Marcy The Blockade Runner

Language: English
Published: 1 month ago
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The boys who have read the first volume of this series of books, in which we followed the fortunes of our Union hero, Marcy Gray, and described the persevering but unsuccessful efforts he made to be true to his colors in deed as well as in spirit, will remember that we left him at his home near Nashville, North Carolina, enjoying a brief respite from the work he so heartily detested, that of privateering. He had made one voyage in the Osprey under Captain Beardsley, during which he assisted in capturing the schooner Mary Hollins, bound from Havana to Boston with an assorted cargo. When the prize was brought into the port of Newbern the whole town went wild with excitement, Captain Beardsley's agent being so highly elated that he urged the master of the Osprey to run out at once and try his luck again, before the capture of the Hollins became known at the North. But Beardsley, who was afraid to trust landsharks any farther than he could see them, declared with a good deal of earnestness that he would not budge an inch until the legality of the capture had been settled by the courts, the vessel and cargo sold, and the dollars that belonged to him and his crew were planked down in their two hands. Knowing that it would take time to go through all these formalities, Marcy Gray asked for a leave of absence, which Beardsley granted according to promise, and in less than half an hour after the Osprey was hauled alongside the wharf, her disgusted young pilot, wishing from the bottom of his heart that she might sink out of sight before he ever saw her again, left her and went home as fast as the cars could take him. When we last saw him he had reached his mother's house, and was reading a letter from his cousin, Rodney the Partisan a portion of which we gave to the reader at the close of the first volume of this series.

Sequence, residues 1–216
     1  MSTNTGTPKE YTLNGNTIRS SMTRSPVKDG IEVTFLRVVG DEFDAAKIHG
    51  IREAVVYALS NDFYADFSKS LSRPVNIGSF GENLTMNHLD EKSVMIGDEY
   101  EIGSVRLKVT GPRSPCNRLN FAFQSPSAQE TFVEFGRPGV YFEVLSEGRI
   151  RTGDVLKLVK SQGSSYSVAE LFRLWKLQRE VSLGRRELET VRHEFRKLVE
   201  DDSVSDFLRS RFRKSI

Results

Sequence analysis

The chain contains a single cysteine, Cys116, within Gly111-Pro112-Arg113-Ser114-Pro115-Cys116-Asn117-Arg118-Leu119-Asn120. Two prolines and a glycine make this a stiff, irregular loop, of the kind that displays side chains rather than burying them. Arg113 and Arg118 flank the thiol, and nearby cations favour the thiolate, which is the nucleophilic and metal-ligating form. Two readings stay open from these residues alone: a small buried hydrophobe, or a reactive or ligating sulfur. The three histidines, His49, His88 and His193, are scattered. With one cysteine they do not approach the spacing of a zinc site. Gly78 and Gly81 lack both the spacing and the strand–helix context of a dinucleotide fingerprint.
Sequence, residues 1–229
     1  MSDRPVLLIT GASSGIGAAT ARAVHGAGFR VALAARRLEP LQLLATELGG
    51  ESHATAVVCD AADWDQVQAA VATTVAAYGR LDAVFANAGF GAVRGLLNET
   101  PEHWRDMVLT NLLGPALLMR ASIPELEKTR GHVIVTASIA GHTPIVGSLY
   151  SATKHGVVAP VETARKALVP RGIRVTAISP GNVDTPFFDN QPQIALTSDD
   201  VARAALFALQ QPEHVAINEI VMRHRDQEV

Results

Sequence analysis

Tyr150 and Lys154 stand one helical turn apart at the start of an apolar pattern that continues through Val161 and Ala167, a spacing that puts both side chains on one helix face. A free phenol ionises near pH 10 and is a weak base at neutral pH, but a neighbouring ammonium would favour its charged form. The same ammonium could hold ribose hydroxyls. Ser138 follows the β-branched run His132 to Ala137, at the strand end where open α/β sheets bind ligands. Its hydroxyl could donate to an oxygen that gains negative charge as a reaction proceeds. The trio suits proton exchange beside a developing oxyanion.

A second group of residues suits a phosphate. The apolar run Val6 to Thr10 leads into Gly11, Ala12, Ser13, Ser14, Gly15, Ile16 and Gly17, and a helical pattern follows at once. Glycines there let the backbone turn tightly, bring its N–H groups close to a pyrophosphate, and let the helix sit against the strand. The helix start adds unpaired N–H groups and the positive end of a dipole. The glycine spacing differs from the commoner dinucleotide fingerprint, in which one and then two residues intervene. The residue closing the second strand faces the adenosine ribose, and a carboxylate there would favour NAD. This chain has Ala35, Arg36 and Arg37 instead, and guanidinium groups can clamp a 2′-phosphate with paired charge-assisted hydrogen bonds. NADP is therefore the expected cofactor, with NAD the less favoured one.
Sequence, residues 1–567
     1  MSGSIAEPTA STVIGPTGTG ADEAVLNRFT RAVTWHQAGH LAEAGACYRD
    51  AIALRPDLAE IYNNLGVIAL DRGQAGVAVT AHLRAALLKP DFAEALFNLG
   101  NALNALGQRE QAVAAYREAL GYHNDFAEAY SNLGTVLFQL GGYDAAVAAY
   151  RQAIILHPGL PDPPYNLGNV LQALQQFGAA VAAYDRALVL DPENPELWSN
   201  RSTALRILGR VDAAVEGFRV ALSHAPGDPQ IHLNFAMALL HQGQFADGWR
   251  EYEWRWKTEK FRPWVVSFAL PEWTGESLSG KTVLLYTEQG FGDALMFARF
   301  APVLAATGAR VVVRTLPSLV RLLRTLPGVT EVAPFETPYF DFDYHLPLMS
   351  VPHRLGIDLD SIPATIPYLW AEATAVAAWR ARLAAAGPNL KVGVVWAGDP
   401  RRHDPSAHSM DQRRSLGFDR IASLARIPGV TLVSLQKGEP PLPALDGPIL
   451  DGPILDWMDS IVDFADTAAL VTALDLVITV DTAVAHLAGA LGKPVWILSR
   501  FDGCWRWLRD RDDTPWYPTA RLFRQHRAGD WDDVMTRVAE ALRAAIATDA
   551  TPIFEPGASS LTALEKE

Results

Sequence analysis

"Rodney is full of enthusiasm, isn't he?" exclaimed Marcy, when he had finished reading the letter. "He says he looks for 'high old times' running the Yankees out of Missouri, but I am afraid he'll not enjoy them as much as he thinks he will. Perhaps the Yankees are not good runners. But Rodney has been true to his colors and I have not. I said I never would fight against the Union, but I have stood by and seen a gun fired at the old flag; and I have no doubt that the skipper of the Hollins when he saw me aboard the privateer, took me for as good a rebel as there was in the crew. Perhaps he will see his mistake some day. I shall have to accept my share of the prize money, for if I don't Beardsley's suspicions will be aroused; but I'll put it away and send it to the master of the Hollins the first good chance I get. Has Wat Gifford been here since I went to sea? You know he warned me of two secret enemies I would have to look out for, and hinted that he would some day tell me who the rest are." ["But I think I know already," added Marcy mentally.] While he was at sea he had had ample leisure to think over the situation, and had made up his mind that he knew right where the most serious danger that threatened him and his mother was coming from....